In addition to checking on her family and close friends, MayBelle decided that because she can’t save the world, maybe she can assist one person. Her “who” is a former co-worker who has had recent job struggles and doesn’t have any family nearby. Her “what” is calling to see what her friend might need. Her “when” is right now. And her “why” is because she can. Because it’s the right thing to do. Because her mother would want her to. Because she’s highly sensitive.

MayBelle Gets Schooled During the Pandemic

MayBelle has already learned a lot during the first ten or so days of this whatever this is we’re going through. To wit:

  • You can freeze bananas! Just as she was noticing the bananas on the kitchen counter turning brown, and wondering aloud to herself, “I wonder if you can freeze bananas,” one of her friends posed that same question on Instagram. Voila!
  • Facebook is not all bad. In fact, MayBelle is learning, dare she say it, to like Facebook. She’s been a naysayer for a while—sometimes it takes MayBelle longer to catch on than others—mainly because she can’t stomach the political vitriol. (Or the cat memes. Pluto the talking dog, though, that’s something MayBelle can get behind. Seriously, that dog makes MayBelle’s day.) Poor MayBelle can’t handle confrontation of any kind very well, if the truth be known. It’s one of her weakest points. If you yell at her about something, she’ll have a great comeback between six and eleven hours later, but in the moment the most she’ll be able to do is clam up. Or cry. And maybe tell you off in her mind.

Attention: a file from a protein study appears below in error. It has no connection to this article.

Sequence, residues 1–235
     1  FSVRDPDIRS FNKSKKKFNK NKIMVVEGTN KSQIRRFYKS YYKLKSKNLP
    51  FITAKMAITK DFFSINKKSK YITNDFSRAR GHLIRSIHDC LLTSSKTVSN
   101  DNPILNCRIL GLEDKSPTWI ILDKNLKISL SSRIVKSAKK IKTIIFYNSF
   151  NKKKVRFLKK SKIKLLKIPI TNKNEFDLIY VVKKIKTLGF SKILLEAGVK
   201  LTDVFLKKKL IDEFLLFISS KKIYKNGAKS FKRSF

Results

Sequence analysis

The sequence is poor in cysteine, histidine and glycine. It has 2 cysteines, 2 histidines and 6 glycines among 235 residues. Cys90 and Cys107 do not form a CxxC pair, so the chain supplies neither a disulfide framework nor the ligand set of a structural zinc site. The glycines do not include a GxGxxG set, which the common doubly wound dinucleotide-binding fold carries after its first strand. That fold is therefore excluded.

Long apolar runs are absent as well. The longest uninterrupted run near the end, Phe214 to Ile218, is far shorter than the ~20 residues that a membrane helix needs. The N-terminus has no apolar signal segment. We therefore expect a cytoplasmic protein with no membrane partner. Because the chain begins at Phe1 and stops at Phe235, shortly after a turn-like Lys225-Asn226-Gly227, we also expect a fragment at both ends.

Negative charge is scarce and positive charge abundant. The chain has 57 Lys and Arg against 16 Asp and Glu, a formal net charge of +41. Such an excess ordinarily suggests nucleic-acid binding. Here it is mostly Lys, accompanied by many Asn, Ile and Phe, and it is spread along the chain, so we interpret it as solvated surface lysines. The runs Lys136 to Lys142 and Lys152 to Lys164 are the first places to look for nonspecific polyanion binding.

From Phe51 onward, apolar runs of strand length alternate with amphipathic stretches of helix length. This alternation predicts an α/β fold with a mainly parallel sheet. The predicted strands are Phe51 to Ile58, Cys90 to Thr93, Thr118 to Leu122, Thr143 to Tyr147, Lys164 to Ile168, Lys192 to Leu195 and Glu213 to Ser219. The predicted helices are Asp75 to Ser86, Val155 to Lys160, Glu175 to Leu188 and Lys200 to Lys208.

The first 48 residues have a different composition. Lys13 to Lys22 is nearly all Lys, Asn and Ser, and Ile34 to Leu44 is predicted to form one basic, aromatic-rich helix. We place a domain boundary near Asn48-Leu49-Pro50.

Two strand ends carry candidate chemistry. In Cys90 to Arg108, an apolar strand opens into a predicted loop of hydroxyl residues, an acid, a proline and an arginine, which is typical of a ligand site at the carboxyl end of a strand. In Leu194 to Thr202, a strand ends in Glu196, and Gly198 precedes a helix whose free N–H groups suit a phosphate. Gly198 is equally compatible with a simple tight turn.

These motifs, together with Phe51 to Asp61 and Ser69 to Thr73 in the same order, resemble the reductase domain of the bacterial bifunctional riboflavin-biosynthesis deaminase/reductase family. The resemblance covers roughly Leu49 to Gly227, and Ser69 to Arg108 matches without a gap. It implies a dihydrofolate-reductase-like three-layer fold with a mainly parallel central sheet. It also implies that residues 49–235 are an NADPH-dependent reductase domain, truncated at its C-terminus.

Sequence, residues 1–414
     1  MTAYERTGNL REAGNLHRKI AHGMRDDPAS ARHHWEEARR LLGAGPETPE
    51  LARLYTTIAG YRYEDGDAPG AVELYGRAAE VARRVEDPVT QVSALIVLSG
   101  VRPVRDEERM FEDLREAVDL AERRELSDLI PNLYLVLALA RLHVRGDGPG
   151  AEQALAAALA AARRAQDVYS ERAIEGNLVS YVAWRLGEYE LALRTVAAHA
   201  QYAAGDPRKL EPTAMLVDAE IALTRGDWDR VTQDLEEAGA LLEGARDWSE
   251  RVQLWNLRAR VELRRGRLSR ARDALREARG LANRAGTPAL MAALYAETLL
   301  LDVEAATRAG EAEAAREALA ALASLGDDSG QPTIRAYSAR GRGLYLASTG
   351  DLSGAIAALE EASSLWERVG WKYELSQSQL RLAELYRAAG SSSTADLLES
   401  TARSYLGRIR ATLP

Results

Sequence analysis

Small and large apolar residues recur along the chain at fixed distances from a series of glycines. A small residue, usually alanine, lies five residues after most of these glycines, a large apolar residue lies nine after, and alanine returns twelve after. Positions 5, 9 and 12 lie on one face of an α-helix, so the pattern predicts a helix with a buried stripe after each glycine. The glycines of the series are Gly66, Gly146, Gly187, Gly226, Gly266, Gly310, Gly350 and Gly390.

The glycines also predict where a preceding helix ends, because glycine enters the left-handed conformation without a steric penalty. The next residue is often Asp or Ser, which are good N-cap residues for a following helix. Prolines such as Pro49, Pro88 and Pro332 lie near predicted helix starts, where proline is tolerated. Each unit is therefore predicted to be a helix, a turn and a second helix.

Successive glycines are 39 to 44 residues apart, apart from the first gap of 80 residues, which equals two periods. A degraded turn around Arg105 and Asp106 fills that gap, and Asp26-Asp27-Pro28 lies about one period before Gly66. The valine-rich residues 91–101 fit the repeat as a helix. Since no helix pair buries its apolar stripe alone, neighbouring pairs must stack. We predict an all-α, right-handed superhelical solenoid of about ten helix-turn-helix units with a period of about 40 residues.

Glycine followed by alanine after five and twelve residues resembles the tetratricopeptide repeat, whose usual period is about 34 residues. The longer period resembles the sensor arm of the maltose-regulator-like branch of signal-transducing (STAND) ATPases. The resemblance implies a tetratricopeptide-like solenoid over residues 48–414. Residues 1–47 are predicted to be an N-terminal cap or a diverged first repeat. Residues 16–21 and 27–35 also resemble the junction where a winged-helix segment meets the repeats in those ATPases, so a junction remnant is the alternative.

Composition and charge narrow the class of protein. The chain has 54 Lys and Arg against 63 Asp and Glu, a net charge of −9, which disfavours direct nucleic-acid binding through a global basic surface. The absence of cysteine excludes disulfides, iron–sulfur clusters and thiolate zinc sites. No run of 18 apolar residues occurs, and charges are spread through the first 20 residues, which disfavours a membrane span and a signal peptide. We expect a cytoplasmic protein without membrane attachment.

• Even middle-aged goobers can learn how to use Zoom. What an amazing, technological world it is out there, boys and girls. Look for MayBelle to start hosting something or another on Zoom in the near future. 
  • Taking the time to connect with people you’ve meant to get to know better is worth every minute. Through extending her reach just a tad, MayBelle has found another soul-sister; met a neighbor she’d never seen before even though they’ve both lived in the subdivision for more than a decade; formed a bond with a former student from her divinity school days; and been exposed to this fabulous YouTube video from The Moth, “About to Eat Cake”: https://www.youtube.com/watch?v=_969XrYeuw4